Big Deals and Big Win at the Armory
Think of the Armory Show on Piers 92 and 94 in New York as the momentary center of the art fair universe with satellite shows orbiting around it. The show was a lot of work - some 274 galleries from 31 countries competing for attention.
Pier 92 was devoted to historically significant Modern and contemporary art - think Philip Pearlstein, Andy Warhol, and Tom Wesselman among others.
It was far less crowded and buzzy than Pier 94 which showcased contemporary work in all media, though a lot less photography than less year and very few paintings from China. The super-chic international crowd started negotiating prices from the minute the doors opened. Sue Stoffel, a former curator who now is an art consultant specializing in emerging artists, picked the best booths and newest work (email@example.com). She was spot on in pointing out that Greenberg Van Doren Gallery, New York, had a great original booth. Art-info.com agreed awarding it best booth of the show. The galleries two installations were spectacular.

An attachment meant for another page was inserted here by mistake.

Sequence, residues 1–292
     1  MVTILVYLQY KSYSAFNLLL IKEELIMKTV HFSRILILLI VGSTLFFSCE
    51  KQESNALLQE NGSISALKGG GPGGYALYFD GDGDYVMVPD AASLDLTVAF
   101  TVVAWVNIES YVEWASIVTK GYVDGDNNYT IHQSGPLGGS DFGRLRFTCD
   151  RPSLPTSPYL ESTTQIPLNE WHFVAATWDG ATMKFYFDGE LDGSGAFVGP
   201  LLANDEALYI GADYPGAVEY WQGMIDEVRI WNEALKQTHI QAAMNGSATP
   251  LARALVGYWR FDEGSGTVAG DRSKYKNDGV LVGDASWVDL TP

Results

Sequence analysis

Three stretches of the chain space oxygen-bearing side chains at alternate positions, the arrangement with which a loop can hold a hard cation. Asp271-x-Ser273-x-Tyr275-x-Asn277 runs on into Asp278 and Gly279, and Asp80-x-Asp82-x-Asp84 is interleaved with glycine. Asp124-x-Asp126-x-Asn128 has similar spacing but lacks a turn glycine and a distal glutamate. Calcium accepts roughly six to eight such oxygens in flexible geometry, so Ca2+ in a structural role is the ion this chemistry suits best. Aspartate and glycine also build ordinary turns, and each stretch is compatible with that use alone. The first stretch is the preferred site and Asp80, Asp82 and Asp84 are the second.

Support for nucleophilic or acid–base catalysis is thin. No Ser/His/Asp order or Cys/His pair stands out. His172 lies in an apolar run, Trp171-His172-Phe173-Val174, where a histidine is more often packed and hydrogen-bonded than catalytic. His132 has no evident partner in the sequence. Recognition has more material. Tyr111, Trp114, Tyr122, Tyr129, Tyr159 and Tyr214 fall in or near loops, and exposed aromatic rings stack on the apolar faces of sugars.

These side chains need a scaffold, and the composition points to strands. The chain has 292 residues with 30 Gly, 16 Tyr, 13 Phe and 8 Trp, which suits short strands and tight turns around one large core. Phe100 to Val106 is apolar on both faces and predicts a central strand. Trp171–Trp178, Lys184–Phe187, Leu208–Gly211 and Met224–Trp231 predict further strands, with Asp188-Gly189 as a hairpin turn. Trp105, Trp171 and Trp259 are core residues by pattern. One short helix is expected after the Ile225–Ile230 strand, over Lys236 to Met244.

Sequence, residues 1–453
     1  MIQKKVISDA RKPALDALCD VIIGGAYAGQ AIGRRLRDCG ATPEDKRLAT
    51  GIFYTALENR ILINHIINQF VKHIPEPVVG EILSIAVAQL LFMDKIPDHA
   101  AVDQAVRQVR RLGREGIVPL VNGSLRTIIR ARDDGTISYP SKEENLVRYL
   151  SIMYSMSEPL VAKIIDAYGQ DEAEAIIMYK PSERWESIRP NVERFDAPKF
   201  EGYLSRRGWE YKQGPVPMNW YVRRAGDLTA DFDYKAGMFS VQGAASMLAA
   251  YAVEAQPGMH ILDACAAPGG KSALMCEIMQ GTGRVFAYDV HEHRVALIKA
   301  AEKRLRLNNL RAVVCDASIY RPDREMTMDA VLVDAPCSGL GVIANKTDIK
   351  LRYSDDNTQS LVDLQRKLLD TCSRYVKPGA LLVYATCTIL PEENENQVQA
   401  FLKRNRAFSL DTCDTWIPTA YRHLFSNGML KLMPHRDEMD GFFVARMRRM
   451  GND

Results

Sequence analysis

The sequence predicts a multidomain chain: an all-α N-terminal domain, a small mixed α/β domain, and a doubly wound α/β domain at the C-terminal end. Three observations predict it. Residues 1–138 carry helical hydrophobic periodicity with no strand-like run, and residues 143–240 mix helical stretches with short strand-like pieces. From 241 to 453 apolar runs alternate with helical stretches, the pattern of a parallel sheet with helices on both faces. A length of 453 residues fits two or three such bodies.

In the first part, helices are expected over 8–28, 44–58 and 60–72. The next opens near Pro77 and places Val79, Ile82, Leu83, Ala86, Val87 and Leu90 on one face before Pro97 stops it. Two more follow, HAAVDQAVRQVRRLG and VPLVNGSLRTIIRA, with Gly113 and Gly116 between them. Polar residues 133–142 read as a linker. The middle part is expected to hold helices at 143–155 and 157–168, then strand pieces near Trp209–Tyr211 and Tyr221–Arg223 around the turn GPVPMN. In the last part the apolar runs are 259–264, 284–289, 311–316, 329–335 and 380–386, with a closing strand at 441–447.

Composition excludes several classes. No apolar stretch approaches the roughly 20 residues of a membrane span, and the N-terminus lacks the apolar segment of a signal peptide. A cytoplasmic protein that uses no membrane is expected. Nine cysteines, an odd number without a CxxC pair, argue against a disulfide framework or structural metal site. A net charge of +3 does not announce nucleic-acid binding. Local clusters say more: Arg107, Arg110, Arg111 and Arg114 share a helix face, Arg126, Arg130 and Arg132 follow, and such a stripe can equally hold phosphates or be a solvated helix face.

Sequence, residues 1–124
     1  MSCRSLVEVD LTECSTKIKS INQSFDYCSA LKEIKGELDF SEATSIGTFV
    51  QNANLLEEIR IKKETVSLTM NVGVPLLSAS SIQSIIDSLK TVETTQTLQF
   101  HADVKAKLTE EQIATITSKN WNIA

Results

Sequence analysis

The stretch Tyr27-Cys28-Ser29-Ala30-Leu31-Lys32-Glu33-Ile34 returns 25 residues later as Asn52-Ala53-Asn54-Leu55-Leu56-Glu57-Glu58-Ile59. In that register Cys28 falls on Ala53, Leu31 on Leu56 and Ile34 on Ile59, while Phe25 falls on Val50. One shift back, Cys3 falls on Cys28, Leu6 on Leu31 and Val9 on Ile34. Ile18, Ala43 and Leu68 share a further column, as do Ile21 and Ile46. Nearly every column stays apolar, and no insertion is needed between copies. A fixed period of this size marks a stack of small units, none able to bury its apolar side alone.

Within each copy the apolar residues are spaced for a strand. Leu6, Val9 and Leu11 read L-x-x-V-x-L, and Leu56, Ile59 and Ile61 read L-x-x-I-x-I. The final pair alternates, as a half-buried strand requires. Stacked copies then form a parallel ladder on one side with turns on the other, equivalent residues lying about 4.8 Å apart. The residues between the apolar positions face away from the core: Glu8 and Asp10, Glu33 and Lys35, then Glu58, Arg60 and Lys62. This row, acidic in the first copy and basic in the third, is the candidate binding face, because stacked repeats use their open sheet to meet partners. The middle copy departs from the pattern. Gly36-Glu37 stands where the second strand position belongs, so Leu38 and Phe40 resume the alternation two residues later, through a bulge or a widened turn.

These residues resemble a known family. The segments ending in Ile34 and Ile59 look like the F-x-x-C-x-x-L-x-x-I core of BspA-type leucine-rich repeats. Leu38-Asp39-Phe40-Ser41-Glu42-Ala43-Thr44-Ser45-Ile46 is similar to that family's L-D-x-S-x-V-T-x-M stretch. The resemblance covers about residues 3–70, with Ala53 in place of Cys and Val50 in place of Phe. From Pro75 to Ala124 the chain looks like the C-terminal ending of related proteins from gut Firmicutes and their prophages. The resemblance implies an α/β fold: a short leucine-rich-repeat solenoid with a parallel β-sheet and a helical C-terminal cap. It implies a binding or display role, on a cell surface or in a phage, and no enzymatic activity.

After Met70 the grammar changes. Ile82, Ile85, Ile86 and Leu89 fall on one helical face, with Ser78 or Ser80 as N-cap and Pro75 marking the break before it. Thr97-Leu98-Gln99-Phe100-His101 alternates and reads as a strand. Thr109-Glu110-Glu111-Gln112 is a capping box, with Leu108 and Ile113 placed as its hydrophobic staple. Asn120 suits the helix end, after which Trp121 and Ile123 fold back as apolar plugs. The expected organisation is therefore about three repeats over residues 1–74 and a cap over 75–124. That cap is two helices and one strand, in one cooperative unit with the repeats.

Alexander Gorlizki's "It has come to my attention" was one winner.
Here the artist designed the wallpaper, the floor, the Indian miniatures, and even the goat with the red coat --and his droppings.
The gallery's other installation was "The Upstate New York Olympics" by Tim Davis.
The largest piece in the show was Chilean artist Ivan Navarro's "Armory Fence," a five-foot tall electrically glowing fence. If you feel you missed out, you can still buy seven-foot sections from the Paul Kasmin Gallery for $40,000. Highlights from this year's Armory Show are at thearmoryshow.com.